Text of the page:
Tributes to “a real Cumbernauld Character”

Agnes MCarton
Agnes MCarton

ONE of the last of the real Cumbernauld Characters – that is one of the tributes paid to a local legend who passed away before Christmas, aged 77.

Agnes McCartan is a name that may not register with all – but those who worked for the Cumbernauld Development Corporation all knew ‘Big Aggie.’

The robust Glasgwegian who moved to Cumbernauld’s Millcroft Road in the 1960s quickly established herself as a force to be reckoned with on joining the CDC as one of its first female landscape workers in the Direct Works Department.

Larger-than-life Aggie turned up for a job at a nursery in Palacerigg with landscape boss Bobby Johnstone wanting to know the ages of the children who would be in her charge.

When told that the nursery was in fact for trees and shrubs Aggie was undaunted as she loved being out of doors and was strong enough to cope with the rigors of the work itself.

Her boss, CDC landscape chief Bobby Johnstone, said: “She worked like a man and she played like a man. She had a heart of gold. Everyone knew her. She really loved the work and became a foreman in Seafar. Aggie was always looking out for other people. She would have given you her last.’’

Bobby added: “It was because of ordinary people like former factory worker big Aggie that the landscape of this town is what it is today. This is their legacy to the people of Cumbernauld and they should never be forgotten.’’

Her son John Irvine who lives in Germany said: “Mum came over last year to see our home and she absolutely loved it. She would sit outside – she loved getting a bit of sun!’’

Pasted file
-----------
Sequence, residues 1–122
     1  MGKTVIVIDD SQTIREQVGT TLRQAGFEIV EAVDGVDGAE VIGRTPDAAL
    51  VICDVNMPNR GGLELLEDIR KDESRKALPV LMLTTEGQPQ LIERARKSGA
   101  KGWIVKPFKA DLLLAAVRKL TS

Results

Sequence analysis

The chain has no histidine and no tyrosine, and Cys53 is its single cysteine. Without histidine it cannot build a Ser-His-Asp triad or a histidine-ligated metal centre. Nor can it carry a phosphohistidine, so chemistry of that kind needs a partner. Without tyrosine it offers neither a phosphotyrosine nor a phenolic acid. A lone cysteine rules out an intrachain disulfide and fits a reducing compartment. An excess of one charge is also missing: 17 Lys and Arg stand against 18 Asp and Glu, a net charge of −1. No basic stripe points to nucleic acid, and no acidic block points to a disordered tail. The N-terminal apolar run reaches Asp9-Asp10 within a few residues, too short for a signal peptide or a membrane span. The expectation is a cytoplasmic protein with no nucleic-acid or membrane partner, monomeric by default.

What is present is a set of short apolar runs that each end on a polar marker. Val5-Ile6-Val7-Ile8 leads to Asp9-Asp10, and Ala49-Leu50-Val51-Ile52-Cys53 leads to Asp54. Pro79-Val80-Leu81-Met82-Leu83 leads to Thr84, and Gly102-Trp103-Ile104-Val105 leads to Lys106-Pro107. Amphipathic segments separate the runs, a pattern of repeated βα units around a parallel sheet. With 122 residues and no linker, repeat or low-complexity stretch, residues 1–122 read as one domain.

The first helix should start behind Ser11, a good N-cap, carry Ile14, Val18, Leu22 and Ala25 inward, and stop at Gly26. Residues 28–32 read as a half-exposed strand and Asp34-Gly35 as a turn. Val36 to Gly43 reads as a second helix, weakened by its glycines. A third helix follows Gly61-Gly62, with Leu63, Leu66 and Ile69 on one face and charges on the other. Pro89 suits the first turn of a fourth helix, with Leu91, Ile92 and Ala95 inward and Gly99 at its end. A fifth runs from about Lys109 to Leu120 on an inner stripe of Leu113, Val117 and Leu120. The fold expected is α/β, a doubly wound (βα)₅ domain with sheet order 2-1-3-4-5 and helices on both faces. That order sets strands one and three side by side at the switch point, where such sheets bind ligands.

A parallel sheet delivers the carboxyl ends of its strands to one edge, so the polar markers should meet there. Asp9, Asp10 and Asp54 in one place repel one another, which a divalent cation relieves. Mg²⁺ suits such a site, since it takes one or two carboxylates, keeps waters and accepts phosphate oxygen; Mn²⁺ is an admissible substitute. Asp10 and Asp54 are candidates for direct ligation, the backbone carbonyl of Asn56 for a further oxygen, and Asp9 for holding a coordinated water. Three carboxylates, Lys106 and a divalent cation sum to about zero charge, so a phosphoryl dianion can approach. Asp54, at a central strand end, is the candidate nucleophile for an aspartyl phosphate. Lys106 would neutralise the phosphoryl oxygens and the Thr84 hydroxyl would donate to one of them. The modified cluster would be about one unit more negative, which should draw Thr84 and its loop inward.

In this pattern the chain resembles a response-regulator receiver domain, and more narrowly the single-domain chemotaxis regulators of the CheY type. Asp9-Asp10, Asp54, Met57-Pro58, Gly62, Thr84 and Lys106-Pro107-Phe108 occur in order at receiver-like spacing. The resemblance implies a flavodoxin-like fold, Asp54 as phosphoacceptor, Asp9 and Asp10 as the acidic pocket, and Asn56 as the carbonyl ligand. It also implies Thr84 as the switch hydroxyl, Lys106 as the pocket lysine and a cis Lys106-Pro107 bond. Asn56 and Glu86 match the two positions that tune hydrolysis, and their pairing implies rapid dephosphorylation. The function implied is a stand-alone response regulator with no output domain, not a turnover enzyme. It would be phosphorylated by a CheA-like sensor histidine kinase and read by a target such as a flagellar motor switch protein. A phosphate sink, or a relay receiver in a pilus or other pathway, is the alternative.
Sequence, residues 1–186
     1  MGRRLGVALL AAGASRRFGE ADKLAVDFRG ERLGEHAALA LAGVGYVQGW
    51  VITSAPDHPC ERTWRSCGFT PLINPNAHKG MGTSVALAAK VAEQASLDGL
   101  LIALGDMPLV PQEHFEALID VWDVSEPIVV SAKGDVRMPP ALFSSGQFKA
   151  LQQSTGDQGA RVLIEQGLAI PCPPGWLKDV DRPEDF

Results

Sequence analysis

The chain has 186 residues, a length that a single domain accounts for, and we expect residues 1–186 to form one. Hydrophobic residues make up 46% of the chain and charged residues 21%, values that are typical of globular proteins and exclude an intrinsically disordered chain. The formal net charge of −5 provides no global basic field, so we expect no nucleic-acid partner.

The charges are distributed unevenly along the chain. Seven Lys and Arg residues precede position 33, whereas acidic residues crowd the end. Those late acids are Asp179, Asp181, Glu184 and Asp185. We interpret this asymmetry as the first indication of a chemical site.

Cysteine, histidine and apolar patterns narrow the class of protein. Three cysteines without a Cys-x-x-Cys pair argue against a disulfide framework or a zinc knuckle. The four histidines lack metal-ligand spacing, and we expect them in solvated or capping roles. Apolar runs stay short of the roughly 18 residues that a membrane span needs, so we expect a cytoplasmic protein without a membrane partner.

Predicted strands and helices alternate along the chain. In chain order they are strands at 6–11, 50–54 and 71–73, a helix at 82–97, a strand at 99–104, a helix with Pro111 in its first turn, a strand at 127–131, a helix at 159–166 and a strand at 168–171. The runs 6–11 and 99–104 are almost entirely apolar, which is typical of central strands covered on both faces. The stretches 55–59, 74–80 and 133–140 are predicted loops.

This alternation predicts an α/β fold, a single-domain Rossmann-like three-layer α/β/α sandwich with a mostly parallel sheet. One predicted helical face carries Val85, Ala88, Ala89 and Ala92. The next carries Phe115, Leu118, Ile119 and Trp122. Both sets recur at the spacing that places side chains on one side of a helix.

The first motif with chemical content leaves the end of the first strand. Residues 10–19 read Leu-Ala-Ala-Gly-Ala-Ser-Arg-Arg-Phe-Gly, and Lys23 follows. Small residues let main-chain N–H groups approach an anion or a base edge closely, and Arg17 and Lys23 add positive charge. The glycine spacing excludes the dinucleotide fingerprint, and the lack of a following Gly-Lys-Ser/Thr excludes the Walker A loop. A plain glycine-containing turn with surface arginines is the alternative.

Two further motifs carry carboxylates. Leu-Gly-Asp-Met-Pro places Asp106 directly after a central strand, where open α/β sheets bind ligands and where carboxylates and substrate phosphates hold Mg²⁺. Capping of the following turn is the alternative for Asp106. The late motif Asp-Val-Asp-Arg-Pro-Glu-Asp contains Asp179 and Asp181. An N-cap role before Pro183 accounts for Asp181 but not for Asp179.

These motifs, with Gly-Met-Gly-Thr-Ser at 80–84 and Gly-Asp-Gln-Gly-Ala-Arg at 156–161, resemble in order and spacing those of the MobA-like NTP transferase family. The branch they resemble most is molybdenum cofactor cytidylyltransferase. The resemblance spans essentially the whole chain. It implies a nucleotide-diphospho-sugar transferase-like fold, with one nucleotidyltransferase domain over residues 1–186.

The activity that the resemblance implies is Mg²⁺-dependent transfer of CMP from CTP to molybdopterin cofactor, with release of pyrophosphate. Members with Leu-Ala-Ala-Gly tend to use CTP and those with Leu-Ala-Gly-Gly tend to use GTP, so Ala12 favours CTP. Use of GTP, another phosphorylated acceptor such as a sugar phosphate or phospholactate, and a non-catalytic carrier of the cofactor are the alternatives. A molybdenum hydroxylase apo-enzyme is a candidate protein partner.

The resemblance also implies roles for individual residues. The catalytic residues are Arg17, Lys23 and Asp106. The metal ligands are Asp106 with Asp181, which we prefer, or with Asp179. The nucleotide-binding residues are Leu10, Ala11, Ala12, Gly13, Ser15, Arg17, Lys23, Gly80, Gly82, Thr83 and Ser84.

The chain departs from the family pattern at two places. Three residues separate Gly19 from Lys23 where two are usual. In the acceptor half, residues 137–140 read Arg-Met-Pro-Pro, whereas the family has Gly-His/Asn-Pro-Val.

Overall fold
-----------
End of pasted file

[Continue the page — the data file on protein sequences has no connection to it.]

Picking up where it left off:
A delay in returning Aggie to the airport in Dusseldorf meant that John had an extra three days with his mum and that she was able to see a bit more of the German countryside that her son has grown to love.

“It was great that she managed to see us over there,” said fluent German speaker John, who served in the Army for 30 years and recently retired as a Welfare Senior Non Commissioned officer in the Royal Engineers.

“Mum was always the one who laid down the rules – my father was quite a quiet man – but she was a legend.

“At the end of her life she was still sharp mentally but she told me that her body couldn’t keep up,” he added.

Aggie lived in the Roadside complex for senior citizens before she was admitted to Carrickstone Day Hospital where she passed away.

In addition to her 10 grandchildren she is survived by John, daughters Elaine, who lives in Cumbernauld, and Lesley in Fort William, plus David who is stationed with the RAF in New Zealand.